Middle East war: The debateComment on this story
Hamas rejects existence of Israel, wants to destroy it, says Benjamin Pogrund.
Driving home to Jerusalem from Tel Aviv on Thursday evening, listening to music on the radio, I heard the quiet voice break in: Azaka, Beersheva; Azaka, Rosh Ha'ayin; Azaka, Yad Mordecai; Azaka, Kfar Sava… The voice was saying “Alert”, in Hebrew, and naming the towns under attack by Hamas and Islamic Jihad missiles fired from Gaza.
In the south, with air raid sirens screaming, people had 15 seconds to get into a shelter; further north and east, perhaps a minute. The alerts are broadcast all the time, day and night.
At the international Ben-Gurion Airport, which I passed, large signs in Hebrew and English give directions to “shielded areas”.
The people of Gaza have it worse: artillery shells and missiles fired by Israeli warplanes and drones instantly reduce buildings to rubble. Israel says the buildings house missiles or explosives or are the command headquarters or homes of Hamas leaders. Israel tries to give advance notice, phoning residents to warn of a coming attack followed by a “knock on the roof” – firing a shell without explosives at the roof of a building.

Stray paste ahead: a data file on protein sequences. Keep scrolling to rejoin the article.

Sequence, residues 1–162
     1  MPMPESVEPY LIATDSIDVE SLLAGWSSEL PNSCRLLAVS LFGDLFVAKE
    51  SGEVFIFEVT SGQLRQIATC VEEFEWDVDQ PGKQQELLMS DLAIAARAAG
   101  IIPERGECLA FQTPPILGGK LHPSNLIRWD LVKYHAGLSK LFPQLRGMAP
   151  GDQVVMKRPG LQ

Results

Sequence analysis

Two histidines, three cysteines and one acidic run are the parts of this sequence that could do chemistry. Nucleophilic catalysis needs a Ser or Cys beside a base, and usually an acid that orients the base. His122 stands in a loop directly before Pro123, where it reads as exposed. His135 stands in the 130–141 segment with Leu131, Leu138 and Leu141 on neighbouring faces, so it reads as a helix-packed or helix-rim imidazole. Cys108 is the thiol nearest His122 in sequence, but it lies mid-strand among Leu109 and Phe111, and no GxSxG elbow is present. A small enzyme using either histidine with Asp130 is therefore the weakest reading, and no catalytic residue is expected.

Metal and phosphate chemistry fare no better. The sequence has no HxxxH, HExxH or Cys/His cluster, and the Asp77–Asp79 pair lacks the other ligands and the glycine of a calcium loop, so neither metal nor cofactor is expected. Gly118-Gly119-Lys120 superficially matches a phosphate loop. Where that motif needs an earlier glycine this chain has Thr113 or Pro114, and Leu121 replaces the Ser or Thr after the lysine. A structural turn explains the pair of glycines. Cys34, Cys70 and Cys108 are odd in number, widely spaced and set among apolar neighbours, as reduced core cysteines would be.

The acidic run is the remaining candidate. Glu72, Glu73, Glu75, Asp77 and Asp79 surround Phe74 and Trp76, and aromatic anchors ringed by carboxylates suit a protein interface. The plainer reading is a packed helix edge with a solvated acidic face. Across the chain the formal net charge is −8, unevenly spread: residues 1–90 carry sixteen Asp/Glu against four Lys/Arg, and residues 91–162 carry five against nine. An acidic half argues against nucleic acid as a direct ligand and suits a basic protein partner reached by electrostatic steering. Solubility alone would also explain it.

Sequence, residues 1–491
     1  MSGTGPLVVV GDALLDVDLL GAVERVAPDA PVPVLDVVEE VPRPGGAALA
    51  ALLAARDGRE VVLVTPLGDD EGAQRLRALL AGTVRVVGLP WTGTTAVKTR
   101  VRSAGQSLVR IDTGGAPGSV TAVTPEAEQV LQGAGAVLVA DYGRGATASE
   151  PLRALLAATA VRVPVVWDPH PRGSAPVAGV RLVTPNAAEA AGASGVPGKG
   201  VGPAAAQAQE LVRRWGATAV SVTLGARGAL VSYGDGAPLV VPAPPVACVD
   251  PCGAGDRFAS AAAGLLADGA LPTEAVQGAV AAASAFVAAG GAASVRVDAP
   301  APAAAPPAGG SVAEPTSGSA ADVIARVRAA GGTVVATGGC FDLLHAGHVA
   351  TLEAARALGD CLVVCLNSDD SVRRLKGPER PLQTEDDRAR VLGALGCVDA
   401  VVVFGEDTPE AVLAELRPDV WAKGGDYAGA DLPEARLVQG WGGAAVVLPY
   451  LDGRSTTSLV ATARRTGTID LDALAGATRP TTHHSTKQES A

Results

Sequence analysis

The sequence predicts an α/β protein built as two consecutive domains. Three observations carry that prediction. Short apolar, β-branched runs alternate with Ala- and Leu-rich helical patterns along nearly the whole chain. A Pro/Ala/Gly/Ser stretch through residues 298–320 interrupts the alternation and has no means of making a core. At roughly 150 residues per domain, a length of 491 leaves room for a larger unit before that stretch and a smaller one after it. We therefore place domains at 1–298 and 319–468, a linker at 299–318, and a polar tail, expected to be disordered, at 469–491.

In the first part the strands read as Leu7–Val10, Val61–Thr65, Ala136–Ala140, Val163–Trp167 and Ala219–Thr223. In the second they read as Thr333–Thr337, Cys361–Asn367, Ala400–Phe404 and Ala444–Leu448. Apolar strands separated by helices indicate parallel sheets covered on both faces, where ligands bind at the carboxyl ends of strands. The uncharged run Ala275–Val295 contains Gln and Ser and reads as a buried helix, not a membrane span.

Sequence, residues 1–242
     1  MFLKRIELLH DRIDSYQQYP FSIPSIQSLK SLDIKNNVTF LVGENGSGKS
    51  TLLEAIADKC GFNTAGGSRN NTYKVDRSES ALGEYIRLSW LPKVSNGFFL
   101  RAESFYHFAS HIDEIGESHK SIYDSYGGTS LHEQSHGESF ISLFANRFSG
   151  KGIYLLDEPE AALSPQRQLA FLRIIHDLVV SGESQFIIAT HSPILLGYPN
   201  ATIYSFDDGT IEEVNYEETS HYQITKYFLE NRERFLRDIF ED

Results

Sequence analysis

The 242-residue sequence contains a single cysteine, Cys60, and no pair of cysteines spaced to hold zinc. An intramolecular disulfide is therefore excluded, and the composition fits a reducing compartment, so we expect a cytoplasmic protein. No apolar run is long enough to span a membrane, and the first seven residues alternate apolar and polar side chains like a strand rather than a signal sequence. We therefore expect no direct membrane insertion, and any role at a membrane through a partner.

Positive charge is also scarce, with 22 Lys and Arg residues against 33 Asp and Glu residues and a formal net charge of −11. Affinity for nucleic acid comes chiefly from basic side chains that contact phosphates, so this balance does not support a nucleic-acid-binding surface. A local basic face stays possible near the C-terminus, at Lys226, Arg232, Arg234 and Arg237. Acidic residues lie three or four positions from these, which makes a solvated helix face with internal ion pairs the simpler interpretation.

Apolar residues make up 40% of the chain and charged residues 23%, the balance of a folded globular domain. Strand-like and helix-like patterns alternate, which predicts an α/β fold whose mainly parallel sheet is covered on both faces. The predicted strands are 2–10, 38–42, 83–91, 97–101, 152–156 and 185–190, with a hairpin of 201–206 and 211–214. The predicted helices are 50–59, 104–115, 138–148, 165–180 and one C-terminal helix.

Despite this unusual action in the midst of a war, ordinary people suffer: even though they might have no connection with Hamas or other militants they do not always get out to safety or they are caught by the effects of explosions in streets or by shells that go wrong; or mistakes are made about the target.
The Gaza death toll is more than 200, many of them children, and rising by the day. That’s remarkably low, given that Israel has mounted about 1 800 attacks in 10 days but it is terrible and tragic.
Since the current outbreak of violence Hamas is reported to have fired about 2 000 missiles at Israel, indiscriminately, to kill or damage wherever they might land.
Some people dismiss the missiles as “primitive” and incapable of inflicting much harm. They are wrong: Iran has supplied many thousands of missiles, and until a while ago, Syria too: the M-302 with a 144kg warhead able to fly 160km and more; the M-75, with 60kg of explosives, flying 75km.
That is, able to reach wide areas of Israel, including its major cities and its international airport. Only one Israeli has been killed so far.
That is through no fault of Hamas but because of Israel’s massive self-protection: the highly successful Iron Dome anti-missile system, created by Israeli scientists with the help of many millions of US dollars; each battery costs $50 million (R534m); each anti-missile projectile costs $50 000. In addition, untold millions are spent on building secure rooms in houses and apartments – reinforced concrete and a steel shutter to protect against bombs, shrapnel and gas.
And air raid sirens. If you are driving and hear the siren, you get out quickly and crouch at the side of the car, following instructions to cover your head.
Why are Palestinians and Israelis suffering?